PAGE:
Brian Hamburger is the founder and leader of the consultancy MarketCounsel and the Hamburger Law Firm, for which he serves as chief counsel. He also is host of the yearly MarketCounsel Summit events for RIAs.
What we’re facing is daunting, but I am heartened by the moments of triumph in everyday acts of courage, humanity and love. Although these are trying times for all of us, I’m optimistic that the color in our lives will return soon.
During the pandemic, advisors need to do more than manage; they need to lead. I mean, right after their health and safety and that of their loved ones, people are concerned about their money.
But a move is underway that aligns with an advisor’s fundamental value. Fewer people seem fixated on performance and more seem inquisitive as to whether they have enough to live the life they’ve imagined.
To that end, advisors need to be out in front of their clients, they need to be there to lead their staff through all of this and, of course, to find opportunities in this current environment. Advisors need to remind themselves every morning that this is what they’ve trained for: to be their client’s trusted advisor.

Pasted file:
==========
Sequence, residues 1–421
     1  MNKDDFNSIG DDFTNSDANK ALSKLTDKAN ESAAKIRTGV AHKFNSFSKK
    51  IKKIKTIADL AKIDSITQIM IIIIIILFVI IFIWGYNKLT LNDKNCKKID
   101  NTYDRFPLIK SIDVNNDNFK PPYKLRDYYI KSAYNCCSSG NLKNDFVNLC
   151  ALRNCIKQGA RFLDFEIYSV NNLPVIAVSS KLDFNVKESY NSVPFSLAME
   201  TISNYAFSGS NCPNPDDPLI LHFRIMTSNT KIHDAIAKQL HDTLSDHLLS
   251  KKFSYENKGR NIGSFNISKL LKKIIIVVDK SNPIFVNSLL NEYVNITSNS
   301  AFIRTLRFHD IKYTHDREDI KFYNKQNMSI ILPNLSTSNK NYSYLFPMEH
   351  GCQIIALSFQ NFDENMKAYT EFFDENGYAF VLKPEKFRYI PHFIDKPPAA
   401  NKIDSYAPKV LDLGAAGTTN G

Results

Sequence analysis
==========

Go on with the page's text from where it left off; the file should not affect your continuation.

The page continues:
It’s their pro-activity and objectivity that’s going to separate them from those hawking investment products. Their goodwill paired with a consistency of effort will win in the end, it will solidify their relationships with their clients for a long time to come.
Confronting the loss of human life. The pandemic is real; it claimed the life of one of our colleagues in early April. He was far too young to die.
Setting aside my own grief so that I could lead others through this was a real challenge. Here I was, with all of the traditional rituals we have become accustomed to unavailable to me, trying to help my team through the grieving process, all while ensuring that we could tend to client demands.
I came to learn that, due to the richness and diversity of our staff, we all deal with death differently. So striking a balance of being there for them while giving others space was new to me.
I have to constantly remind myself that my job is to turn tragedy into triumph, to ensure that [my colleague] remains with us and, in fact, becomes a part of who we are.